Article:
NZ Herald

Two trophies of different eras and origins will be up for grabs during the North v South match with the Te Matau a Maui – The Fishhook of Maui – unveiled in Wellington today.

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Te Matau a Maui, a carved rimu fish hook on a kauri base, will be presented to the winning team at Sky Stadium on Saturday night alongside the recently discovered Loving Cup, a trophy first presented to the 1924 All Blacks nearly a century ago.

Designed and carved by Ngai Tahu father and son, John and Dave Burke, Te Matau a Maui celebrates the M?ori creation story of New Zealand’s two main islands Te Ika a Maui and Te Waka a Maui.

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The Burkes, originally from Otepoti in Dunedin and now resident in Tauranga, were invited to create a new trophy after a New Zealand Rugby (NZR) search for the Loving Cup initially failed to find a piece of silverware first contested during the North v South match in 1932.

New Zealand Rugby Maori Cultural Advisor Luke Crawford said it was serendipitous that as the carver was finishing Te Matau a Maui for a new generation of players, the Loving Cup was suddenly rediscovered in the bowels of Eden Park after being lost for 88 years.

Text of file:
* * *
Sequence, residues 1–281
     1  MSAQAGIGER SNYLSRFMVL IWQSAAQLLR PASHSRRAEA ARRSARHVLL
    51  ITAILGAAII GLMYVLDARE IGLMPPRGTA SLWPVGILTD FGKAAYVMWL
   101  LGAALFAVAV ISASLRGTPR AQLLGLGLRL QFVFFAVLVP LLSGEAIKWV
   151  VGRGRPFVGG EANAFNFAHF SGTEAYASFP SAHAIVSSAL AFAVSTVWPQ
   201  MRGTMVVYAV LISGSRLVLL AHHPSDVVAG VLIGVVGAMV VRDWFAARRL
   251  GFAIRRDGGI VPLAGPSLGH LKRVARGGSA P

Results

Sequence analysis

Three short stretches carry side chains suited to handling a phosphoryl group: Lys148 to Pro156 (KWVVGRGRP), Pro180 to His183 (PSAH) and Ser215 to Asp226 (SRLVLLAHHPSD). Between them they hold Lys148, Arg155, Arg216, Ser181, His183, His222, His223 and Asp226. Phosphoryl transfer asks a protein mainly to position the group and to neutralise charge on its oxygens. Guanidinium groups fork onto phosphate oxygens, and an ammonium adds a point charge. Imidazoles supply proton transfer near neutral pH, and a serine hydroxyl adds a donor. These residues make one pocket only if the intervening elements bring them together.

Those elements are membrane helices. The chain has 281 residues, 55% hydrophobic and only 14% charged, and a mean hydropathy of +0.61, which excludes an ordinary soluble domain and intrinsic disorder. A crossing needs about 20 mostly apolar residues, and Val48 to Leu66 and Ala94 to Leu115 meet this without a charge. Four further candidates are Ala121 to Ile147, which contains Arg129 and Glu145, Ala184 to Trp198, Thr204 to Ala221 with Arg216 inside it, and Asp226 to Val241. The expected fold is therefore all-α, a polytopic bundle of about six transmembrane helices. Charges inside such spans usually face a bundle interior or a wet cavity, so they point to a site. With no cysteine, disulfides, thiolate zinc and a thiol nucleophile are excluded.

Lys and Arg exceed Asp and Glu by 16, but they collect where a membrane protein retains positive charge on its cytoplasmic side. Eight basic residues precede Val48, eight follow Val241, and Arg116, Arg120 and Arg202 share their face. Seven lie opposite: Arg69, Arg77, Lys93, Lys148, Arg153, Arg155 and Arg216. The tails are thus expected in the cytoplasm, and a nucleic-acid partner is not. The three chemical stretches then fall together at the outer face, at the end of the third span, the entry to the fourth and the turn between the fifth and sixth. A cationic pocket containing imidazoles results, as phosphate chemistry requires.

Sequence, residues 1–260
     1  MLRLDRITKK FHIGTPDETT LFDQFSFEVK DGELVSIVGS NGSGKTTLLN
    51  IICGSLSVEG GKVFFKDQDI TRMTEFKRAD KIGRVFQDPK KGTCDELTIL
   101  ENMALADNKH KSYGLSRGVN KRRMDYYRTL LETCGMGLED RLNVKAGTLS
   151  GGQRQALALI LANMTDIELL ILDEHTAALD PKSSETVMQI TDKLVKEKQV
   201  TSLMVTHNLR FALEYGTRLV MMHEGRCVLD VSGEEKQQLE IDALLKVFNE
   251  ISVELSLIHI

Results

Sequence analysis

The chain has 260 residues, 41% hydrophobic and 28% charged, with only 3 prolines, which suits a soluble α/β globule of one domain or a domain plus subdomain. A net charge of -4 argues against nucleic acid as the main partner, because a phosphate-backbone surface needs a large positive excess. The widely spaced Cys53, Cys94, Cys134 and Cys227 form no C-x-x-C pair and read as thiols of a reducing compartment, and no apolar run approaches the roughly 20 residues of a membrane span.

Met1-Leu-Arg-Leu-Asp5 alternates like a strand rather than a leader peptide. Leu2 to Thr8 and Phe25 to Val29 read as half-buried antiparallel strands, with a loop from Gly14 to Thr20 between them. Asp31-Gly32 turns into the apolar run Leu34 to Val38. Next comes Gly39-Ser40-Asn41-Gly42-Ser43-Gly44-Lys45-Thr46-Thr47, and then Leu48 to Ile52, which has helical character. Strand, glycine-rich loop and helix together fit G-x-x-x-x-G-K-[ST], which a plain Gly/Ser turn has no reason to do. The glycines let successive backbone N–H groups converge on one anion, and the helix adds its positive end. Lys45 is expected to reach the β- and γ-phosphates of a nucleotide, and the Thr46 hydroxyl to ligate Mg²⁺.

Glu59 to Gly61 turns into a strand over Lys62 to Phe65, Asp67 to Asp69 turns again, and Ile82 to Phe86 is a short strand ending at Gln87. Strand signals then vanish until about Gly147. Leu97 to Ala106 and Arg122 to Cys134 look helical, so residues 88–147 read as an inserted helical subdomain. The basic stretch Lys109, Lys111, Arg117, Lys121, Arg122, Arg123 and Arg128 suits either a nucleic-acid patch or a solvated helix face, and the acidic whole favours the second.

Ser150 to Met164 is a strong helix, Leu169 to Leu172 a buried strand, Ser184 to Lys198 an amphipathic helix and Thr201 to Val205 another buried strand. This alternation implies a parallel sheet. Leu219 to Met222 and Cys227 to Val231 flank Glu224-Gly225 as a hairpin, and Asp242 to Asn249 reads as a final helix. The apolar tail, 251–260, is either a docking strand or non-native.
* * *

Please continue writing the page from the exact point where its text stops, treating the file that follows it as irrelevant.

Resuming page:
“The Steinlager North v South Match has a long and rich tradition and both trophies pay homage to what the rivalry is all about, albeit representative of different eras. It’s fitting that they will be side-by-side as this traditional contest is revived in 2020.”

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In Maori mythology the demi-god Maui-tikitiki-a-Taranga fished up Te Ika a Maui (the great fish of Maui) from his canoe Te Waka a Maui (the canoe of Maui) so was ideally fitted for a contest between Aotearoa’s two main islands, Crawford said.

“The story of Maui recounts the battle between a fish and a fisherman where the strategies and tactics employed by both sides eventually led to the formation of Aotearoa, so similar to the sort of contest we will see at Sky Stadium on Saturday.

“When thinking about what connects a fish to the fisherman, the obvious answer was the hook and line and thus Te Matau a Maui took shape.”

Te Matau a Maui also features three pieces of pounamu depicting the North Island, South Island and Stewart Island, which is seen as the anchor of Maui’s canoe.

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A graphic design includes the historical black and white colours of the North and South teams, while a taura (rope) features a rugby ball shaped toggle with the date 1897, the year the North v South match was first played.

The 60-centimetre tall sterling silver Loving Cup was discovered in August this year after historian Ian St George went public with his search for the old cup while working on a book about a Kiwi silent film star living in London.

If the 2020 Steinlager North v South Match is drawn, as has been the case on three previous occasions, both trophies will be shared by the two teams.

This article first appeared on nzherald.co.nz and is republished with permission.

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